^Borough Council Meeting Minutes for January 14, 2019, Borough of New Milford. Accessed October 3, 2019. "Council President Duffie made a motion to niminate Matthew Seymour.... The motion carries on a roll call vote as follows... Assemblyman Christopher Tully administered the oath of office to Mr. Seymour."
^Devencentis, Philip. "Democrats win council race in New Milford", Twin-Boro News, November 15, 2012. Accessed August 13, 2013. "The political makeup of the council will change, however, with the election of former Councilman Michael Putrino, a Democrat.... Putrino's running mate, Councilman Austin Ashley, received 2,956 votes to earn his first full term.... Republican council president Howard Berner and his running mate, Peter Rebsch, trailed in last week's election with 2,583 votes and 2,534 votes, respectively."
^Griffiths, Erin Patricia. "Peter Rebsch appointed to the New Milford Council", Twin-Boro News, June 14, 2011. Accessed August 29, 2011. "Peter Rebsch, New Milford resident and Republican council candidate for the November election, was appointed last night to fill the vacancy on the borough's governing body. He was appointed in a 4-1 vote, with Councilwoman Randi Duffie dissenting. Rebsch was one of three candidates put forth by the New Milford Republican Club for the open borough seat, which was left vacant with the resignation of Council President Keith Bachmann."
^Piccirillo, Ann. "Absentee Ballots Put New Milford Democrats On Top: A nail-biting race that came down to absentee ballots", NewMilfordPatch, November 9, 2011. "Until all 185 absentee ballots were counted, the race in New Milford was too close to call, but when all the votes were tallied, the Democratic slate swept to victory, changing the face of New Milford's council. Democratic incumbent Randi Duffie and her running mates, Hedy Grant and Austin Ashley, beat out Republican incumbents Celeste Scavetta, Peter Rebsch and their running mate, Darren Drake."
^Biography, Congressman Josh Gottheimer. Accessed January 3, 2019. "Josh now lives in Wyckoff, New Jersey with Marla, his wife who was a federal prosecutor, and their two young children, Ellie and Ben."
^Johnson, Brent. "Meet your 3 new state lawmakers, New Jersey", NJ Advance Media for NJ.com, May 25, 2018. Accessed July 3, 2018. "Swain, the former mayor of Fair Lawn, and Tully, the former council president in Bergenfield, will be district mates. They replace Joseph Lagana, who moved up to the state Senate last month when state Sen. Robert Gordon resigned to join the state Board of Public Utilities, and Tim Eustace, who resigned last month to take a job outside of state government."
^New Milford Board of Education District Policy 0110 - Identification, New Milford School District. Accessed June 9, 2020. "Purpose: The Board of Education exists for the purpose of providing a thorough and efficient system of free public education in grades kindergarten through twelve in the New Milford School District. Composition: The New Milford School District is comprised of all the area within the municipal boundaries of the Borough of New Milford."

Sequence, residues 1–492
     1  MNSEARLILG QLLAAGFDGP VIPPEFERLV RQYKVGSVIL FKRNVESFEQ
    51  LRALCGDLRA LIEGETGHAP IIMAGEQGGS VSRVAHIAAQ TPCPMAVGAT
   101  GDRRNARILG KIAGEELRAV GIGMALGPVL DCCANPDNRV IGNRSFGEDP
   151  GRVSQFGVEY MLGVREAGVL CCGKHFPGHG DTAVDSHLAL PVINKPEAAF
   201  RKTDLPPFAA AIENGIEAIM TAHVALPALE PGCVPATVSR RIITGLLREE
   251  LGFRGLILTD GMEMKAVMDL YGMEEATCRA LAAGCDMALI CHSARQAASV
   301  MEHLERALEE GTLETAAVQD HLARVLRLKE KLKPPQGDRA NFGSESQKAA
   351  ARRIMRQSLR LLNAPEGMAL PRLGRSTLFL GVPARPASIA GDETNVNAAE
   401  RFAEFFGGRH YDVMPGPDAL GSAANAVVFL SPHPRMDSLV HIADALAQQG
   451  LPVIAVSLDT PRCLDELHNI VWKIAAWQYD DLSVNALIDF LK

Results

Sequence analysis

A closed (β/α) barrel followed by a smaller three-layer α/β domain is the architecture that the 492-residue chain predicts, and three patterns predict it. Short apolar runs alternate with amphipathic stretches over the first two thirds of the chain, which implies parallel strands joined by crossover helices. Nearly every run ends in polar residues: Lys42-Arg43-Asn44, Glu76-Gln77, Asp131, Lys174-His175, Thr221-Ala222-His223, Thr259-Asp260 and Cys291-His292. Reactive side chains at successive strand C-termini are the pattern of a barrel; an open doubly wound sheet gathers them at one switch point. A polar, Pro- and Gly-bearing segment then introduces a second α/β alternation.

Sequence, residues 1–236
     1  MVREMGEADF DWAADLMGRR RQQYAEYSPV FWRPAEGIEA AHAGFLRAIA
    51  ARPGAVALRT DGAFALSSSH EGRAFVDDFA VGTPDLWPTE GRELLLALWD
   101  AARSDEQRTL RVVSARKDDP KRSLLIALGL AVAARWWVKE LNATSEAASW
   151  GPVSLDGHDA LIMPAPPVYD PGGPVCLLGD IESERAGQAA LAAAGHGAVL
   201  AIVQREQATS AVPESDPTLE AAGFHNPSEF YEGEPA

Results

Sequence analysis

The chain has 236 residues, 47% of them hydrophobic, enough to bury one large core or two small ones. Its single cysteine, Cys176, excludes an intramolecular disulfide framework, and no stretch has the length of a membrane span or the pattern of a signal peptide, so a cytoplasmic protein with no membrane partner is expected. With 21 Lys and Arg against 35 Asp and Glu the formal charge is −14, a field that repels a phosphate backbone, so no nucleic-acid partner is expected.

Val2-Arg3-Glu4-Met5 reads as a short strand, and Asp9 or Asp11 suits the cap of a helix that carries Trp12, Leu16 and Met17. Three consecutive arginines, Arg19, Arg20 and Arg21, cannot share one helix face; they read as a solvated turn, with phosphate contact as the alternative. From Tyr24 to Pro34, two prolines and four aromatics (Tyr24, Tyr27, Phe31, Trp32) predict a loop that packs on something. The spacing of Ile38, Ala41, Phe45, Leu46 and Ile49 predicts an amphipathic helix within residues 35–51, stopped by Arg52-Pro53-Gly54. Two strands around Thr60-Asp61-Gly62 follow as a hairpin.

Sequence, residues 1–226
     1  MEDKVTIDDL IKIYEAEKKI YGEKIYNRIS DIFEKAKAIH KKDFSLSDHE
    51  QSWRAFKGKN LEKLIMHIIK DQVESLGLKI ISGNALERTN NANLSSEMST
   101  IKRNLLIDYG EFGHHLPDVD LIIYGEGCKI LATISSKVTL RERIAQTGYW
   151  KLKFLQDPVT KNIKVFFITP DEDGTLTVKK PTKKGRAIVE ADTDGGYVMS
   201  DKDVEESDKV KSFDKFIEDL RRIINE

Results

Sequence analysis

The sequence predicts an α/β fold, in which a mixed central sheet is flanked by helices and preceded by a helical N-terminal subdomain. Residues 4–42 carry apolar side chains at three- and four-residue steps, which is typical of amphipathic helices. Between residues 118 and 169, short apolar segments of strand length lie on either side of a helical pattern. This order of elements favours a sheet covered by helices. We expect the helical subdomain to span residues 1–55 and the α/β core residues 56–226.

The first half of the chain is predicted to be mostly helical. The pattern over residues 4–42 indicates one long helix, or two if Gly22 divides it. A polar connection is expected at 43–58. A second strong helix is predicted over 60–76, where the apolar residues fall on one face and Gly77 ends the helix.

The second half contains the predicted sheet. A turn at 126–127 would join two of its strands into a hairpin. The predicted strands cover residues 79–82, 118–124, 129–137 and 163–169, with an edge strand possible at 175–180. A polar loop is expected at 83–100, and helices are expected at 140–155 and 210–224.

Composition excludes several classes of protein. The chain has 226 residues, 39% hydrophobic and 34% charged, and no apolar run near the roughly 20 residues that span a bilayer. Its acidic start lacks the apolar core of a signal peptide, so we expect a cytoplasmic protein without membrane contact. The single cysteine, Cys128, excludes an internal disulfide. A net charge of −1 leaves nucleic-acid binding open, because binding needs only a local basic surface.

^Leichman, Joseph. "More powerful than a locomotive...", Jewish Standard, November 26, 2010. Accessed January 2, 2013. "Jack Antonoff of New Milford and Daniel Silbert of Tenafly first crossed paths in elementary school at the Solomon Schechter Day School of Bergen County in New Milford, where they also met Evan Winiker, whose family moved to Teaneck in time for him to begin the sixth grade at Schechter."
^Mario Bokara, Cagematch. Accessed June 9, 2020. "Birthplace: New Milford, New Jersey, USA"
^Campbell-Christie House, accessed April 26, 2007. "John Walter Christie, born in the house on May 6, 1865, achieved fame as an inventor."
^Kaulessar, Ricardo. "Blue's Clues returns with New Milford High alum as host", The Record, October 9, 2018. Accessed October 10, 2018. "For Dela Cruz, a 2007 graduate of New Milford High School and 2011 graduate of Montclair State University, it's a role that has challenged him, yet has amazed him.... And for the 29-year-old Filipino actor, who was born in the United Arab Emirates, lived in New York, and moved to New Milford when he was in the first grade, being the host is a dream coming full circle."
^Coates, Laird McC. "Pee Wee Erwin, 68, jazz trumpeter", The Record, June 22, 1981. Accessed June 9, 2020. "Pee Wee Erwin, a star trumpet player for 50 years, first with the swing bands of the 1930s and later with small jazz groups, died of cancer at Holy Name Hospital in Teaneck. He was 68 and was a longtime resident of New Milford."
^Beckerman, Jim. "Fowler draws on salon ties for role", The Record, March 12, 2008. Accessed March 12, 2008. "Born in Jersey City, raised in Rutherford (she cut her acting teeth with the Bergen County Players in Oradell), she lived in Teaneck, Hawthorne and Glen Rock before settling, eight years ago, in New Milford."
^Sheingold, Nina. "Janet Hamill Raises a Toast to La Vie Boheme; Café Society", Chronogram, February 1, 2014. Accessed May 18, 2016. "Hamill was born in Weehawken, across the Hudson from midtown Manhattan. She was the second of five children, and her family soon moved to suburban New Milford, still tantalizingly close to the city she calls 'a magical place.'"
^Rondinaro, Gene. "If You're Thinking of Living In; New Milford", The New York Times, October 19, 1986. Accessed July 19, 2012. "Ed Marinaro, a local high-school football star, set N.C.A.A. rushing records at Cornell University, then played professionally with the Minnesota Vikings and the New York Jets. Then he turned actor, with his most recent role as Officer Joe Coffey in the hit television series Hill Street Blues."
^"New Milford Sports Award Banquet", New Milford Patch, June 9, 2011. Accessed September 29, 2016. "WFAN's John Minko was the emcee of the evening. The long-time New Milford resident ran the show flawlessly."
^Garcia, Alfa. "Veteran punk rocker continues the struggle", The Record, October 6, 2010. Accessed January 23, 2011. "Steele, 54, is the only constant in the band -- a New Milford native with a thick New Jersey accent who emits the energy of a 25-year-old and the hustle of a time-worn New York musician."
^Parisi, Albert J. "Return of Body Expected", The New York Times, January 30, 1983. Accessed June 2, 2017. "A body that may be that of a missing New Jersey freelance journalist is expected to be shipped to the United States this week at the request of Representative Robert Torricelli, a freshman Democrat from New Milford."